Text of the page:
Julieta tiene la culpa (It´s Juliet's fault): Female Protagonists, Intertextuality, Performance and New Paradigms

When: Wednesday, November 6, 2019 2:15 PM - 3:35 PM

Where: 204 Maxwell Hall

Description:

Moynihan Institute of Global Affairs

Program on Latin America and the Caribbean

present

Julieta tiene la culpa (It´s Juliet fault): Female Protagonists, Intertextuality, Performance and New Paradigms

A Workshop and Lecture by Bárbara Colio, Playwright and Theater Director

Julieta tiene la culpa (It’s Juliet’s Fault) is a play that reunites three great female characters of the modern theater: Blanca from Tennessee Williams’s A Streetcar Named Desire; Nina from Anton Chekhov’s The Seagull; and Nora from Henrick Ibsen’s A Doll’s House. Taken out of their original context, these women meet in the lobby of a theater where the coincidence of meeting each other and learning about each other’s story provokes them to reconsider their own life. Bárbara Colio’s work explores new paths for women to consider.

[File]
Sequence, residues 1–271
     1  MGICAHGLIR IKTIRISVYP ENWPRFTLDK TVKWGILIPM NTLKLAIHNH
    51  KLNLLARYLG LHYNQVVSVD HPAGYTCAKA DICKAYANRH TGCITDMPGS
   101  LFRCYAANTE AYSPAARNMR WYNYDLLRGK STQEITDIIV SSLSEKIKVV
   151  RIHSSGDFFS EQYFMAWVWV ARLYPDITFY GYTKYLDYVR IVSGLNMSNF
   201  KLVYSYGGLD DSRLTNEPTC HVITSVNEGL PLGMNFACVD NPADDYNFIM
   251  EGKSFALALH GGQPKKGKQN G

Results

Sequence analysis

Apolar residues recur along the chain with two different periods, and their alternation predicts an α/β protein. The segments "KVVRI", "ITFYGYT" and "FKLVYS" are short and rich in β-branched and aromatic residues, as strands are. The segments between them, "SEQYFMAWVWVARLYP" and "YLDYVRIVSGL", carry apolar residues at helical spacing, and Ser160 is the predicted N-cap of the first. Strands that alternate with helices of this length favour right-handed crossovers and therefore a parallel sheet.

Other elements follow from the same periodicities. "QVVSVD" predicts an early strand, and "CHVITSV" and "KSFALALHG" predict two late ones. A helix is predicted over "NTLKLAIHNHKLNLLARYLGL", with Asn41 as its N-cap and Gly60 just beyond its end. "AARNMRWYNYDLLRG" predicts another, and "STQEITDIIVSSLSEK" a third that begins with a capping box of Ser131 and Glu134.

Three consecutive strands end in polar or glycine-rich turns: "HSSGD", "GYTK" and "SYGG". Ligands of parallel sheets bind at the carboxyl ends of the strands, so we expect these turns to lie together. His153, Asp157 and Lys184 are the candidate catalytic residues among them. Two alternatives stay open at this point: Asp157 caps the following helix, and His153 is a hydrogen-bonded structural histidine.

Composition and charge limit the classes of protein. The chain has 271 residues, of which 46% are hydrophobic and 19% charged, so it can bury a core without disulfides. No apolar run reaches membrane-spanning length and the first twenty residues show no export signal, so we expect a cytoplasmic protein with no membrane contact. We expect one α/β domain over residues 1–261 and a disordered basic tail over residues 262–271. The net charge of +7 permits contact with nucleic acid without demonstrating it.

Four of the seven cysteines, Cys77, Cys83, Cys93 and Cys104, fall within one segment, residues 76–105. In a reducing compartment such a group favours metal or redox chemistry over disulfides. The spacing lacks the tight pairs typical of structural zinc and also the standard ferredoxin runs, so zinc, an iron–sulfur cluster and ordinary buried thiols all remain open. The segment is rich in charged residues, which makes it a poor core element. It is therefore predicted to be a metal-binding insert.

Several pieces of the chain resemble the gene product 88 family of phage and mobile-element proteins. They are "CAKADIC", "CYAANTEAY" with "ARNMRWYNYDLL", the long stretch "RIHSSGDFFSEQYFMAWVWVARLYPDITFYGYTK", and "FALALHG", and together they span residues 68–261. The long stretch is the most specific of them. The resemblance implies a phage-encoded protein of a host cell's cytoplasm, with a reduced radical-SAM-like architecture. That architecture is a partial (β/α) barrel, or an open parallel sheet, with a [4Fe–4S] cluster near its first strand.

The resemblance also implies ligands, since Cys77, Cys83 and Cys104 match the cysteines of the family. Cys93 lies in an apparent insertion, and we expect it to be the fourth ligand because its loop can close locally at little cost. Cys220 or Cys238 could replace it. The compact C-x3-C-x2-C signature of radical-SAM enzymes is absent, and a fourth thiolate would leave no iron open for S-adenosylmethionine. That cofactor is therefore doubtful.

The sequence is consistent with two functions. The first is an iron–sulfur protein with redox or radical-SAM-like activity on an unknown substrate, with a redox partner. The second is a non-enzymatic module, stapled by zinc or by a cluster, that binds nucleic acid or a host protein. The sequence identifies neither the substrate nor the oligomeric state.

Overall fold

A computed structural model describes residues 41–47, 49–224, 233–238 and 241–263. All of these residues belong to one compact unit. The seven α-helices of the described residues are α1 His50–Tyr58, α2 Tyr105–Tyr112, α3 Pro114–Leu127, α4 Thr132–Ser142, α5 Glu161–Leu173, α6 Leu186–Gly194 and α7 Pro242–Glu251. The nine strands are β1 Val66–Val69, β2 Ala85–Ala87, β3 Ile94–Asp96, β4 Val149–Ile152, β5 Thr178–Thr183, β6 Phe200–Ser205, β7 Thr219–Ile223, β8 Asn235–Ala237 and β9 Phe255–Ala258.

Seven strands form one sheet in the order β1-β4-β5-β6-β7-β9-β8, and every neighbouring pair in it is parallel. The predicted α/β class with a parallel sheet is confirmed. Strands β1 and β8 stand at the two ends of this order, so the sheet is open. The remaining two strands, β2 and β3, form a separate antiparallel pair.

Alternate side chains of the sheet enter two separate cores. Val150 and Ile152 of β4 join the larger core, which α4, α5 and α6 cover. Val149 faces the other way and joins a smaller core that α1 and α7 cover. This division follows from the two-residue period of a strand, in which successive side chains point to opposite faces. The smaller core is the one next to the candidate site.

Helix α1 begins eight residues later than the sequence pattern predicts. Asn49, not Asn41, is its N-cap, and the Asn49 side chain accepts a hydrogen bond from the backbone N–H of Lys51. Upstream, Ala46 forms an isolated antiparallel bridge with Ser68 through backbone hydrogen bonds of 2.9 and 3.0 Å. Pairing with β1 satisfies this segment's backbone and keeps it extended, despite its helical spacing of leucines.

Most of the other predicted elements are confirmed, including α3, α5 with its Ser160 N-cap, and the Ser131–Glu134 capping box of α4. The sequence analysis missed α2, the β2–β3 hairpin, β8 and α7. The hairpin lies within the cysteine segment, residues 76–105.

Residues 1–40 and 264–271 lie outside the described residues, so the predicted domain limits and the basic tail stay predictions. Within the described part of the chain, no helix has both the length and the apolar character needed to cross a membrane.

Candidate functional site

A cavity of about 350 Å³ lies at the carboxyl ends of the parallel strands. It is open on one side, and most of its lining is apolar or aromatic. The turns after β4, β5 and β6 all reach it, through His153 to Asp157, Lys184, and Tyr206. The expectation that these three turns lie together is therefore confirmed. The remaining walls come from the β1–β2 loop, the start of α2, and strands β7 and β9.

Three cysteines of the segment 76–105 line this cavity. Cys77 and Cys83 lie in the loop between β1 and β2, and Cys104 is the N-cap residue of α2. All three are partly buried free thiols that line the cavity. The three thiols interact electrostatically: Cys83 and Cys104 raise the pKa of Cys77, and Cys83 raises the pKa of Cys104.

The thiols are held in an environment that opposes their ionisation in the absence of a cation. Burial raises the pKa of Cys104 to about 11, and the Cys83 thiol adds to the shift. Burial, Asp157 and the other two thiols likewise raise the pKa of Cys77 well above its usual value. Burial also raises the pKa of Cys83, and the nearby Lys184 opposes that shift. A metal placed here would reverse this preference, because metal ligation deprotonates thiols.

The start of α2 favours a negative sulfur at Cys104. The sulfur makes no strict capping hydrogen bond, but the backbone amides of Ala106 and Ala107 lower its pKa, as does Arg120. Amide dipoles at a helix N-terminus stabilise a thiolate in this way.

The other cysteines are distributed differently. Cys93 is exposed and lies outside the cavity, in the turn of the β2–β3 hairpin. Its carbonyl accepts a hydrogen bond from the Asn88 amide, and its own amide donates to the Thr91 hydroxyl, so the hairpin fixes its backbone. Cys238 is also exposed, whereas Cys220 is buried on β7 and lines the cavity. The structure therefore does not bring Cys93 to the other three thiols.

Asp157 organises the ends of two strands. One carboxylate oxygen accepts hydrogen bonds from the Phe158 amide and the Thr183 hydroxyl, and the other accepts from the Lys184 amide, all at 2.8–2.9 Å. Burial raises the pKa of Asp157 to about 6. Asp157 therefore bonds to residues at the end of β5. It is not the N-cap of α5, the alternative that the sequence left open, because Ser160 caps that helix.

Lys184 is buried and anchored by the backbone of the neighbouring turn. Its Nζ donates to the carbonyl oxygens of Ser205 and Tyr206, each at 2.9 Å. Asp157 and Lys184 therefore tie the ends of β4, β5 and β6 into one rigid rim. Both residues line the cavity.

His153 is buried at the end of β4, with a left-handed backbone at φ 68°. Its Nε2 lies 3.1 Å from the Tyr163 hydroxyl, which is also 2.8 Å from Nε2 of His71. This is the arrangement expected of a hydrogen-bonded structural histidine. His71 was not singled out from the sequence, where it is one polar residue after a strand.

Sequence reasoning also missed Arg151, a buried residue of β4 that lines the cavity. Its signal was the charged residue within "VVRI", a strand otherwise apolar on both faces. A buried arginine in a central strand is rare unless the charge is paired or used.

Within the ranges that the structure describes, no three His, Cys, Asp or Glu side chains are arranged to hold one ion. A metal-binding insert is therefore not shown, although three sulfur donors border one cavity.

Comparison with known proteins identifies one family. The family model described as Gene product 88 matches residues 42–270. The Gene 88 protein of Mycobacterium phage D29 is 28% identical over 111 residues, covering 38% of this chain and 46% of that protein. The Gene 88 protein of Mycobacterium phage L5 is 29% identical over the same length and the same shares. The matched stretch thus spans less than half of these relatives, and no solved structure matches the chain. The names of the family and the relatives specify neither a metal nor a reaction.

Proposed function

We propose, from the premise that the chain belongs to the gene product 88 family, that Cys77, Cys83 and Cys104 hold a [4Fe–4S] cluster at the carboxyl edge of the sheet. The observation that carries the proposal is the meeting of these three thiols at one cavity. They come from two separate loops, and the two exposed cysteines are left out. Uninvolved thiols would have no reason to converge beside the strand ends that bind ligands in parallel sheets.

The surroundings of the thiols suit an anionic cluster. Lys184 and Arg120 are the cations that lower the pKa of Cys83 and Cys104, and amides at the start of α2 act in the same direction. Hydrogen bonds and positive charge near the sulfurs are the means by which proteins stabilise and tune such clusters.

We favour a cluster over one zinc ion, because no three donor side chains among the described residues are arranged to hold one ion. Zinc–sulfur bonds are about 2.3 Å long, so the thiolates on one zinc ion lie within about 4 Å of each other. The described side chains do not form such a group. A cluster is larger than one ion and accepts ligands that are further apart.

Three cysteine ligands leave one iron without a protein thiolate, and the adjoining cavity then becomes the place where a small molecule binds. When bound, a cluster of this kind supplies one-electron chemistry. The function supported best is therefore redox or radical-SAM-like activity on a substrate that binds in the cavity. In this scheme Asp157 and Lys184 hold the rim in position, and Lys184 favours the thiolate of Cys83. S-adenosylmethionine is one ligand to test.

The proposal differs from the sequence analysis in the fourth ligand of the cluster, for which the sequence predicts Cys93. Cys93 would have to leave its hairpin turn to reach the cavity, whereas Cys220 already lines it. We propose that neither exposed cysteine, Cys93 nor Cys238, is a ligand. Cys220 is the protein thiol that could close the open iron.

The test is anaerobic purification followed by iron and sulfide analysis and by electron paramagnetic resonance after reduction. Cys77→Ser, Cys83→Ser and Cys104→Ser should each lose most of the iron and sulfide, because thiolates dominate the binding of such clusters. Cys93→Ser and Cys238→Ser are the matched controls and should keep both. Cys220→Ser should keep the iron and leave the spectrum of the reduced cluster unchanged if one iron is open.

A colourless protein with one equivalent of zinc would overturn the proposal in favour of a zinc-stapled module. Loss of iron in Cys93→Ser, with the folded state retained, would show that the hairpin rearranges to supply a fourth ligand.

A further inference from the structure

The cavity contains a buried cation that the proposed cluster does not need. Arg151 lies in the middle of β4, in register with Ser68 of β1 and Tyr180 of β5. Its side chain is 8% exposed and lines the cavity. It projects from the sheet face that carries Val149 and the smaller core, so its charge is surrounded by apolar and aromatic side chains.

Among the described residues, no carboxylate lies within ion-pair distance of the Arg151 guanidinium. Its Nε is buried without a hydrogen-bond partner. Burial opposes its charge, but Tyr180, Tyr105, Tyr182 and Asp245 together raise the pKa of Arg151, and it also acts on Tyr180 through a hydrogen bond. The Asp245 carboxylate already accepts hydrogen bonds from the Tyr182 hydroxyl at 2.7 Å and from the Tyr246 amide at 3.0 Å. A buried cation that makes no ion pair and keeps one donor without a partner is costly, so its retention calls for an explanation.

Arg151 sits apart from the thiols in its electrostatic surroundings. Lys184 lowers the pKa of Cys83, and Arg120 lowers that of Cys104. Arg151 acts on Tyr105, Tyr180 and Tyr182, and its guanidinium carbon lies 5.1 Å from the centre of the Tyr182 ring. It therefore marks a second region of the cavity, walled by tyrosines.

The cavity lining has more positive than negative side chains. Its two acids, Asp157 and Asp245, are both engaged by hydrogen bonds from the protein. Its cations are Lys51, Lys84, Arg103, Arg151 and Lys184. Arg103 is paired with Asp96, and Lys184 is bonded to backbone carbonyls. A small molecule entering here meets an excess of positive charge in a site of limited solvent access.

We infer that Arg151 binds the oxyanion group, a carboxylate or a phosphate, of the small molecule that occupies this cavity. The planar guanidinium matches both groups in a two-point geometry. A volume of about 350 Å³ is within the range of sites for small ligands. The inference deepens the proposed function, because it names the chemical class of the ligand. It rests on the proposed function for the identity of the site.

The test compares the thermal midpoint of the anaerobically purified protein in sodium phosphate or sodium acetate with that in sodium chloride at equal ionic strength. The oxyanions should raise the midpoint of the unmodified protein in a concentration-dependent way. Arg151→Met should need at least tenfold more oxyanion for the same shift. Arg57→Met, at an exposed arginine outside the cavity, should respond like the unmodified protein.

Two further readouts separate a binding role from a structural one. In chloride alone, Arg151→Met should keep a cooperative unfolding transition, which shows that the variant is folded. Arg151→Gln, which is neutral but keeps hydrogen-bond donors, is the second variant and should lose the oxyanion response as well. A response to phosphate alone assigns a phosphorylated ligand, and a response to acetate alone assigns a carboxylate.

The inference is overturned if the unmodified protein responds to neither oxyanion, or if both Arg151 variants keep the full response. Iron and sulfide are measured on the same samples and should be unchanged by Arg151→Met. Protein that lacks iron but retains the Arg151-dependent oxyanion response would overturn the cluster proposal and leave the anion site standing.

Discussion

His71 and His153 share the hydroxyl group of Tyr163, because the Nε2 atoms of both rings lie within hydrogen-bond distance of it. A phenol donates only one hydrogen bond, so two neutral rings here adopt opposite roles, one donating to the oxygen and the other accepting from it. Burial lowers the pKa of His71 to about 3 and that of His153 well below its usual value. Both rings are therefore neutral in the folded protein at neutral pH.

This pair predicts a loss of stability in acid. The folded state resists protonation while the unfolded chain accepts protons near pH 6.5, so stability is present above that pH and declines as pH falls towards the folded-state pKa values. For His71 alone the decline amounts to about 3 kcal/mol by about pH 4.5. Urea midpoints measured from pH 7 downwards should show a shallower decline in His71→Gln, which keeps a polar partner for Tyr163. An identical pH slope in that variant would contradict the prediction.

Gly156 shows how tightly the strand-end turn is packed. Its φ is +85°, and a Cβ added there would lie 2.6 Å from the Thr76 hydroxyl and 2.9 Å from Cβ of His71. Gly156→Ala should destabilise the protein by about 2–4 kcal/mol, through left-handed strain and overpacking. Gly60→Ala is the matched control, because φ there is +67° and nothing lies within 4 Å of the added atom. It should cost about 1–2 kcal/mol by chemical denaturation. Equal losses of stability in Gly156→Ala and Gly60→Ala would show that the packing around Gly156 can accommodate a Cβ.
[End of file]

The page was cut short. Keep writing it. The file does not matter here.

Bárbara Colio’s plays have been performed in Spain, Portugal, France, New York, England, Italy, Argentina, Peru, Costa Rica and in diverse locations in Mexico. They have been translated to English, Portuguese, Gallego, and French. Her work has received several state, national and international awards and she has thirteen important publications. She has been a member of Mexico’s Sistema Nacional de Creadores de Arte and a Resident Writer at the Royal Court Theatre in London, as well as in New York, Spain, and Singapore. She was also the first Latin American writing resident in Sun Yat Sen, China. Ms. Colio has a Master’s Degree of Advanced Studies in Theater from the Universidad Internacional in Rioja, Spain. She is Professor of Dramatic Composition and Dramaturgy at the Universidad Nacional Autónoma of Mexico and at the Escuela Nacional de Arte Teatral. In 2017 she was awarded the Juan Ruiz de Alarcón Award for her achievements and contributions to Mexican theater. She was the fifth woman to receive this award in the past thirty years.

Sponsored by Moynihan Institute of Global Affairs, Program on Latin America and the Caribbean (PLACA), Central New York Humanities Corridor from an award by the Andrew W. Mellon Foundation, Department of Languages, Literatures, and Linguistics, and Latino-Latin American Studies Program (LLAS)

Contact Havva Karakas-Keles for more information: hkarakas@syr.edu



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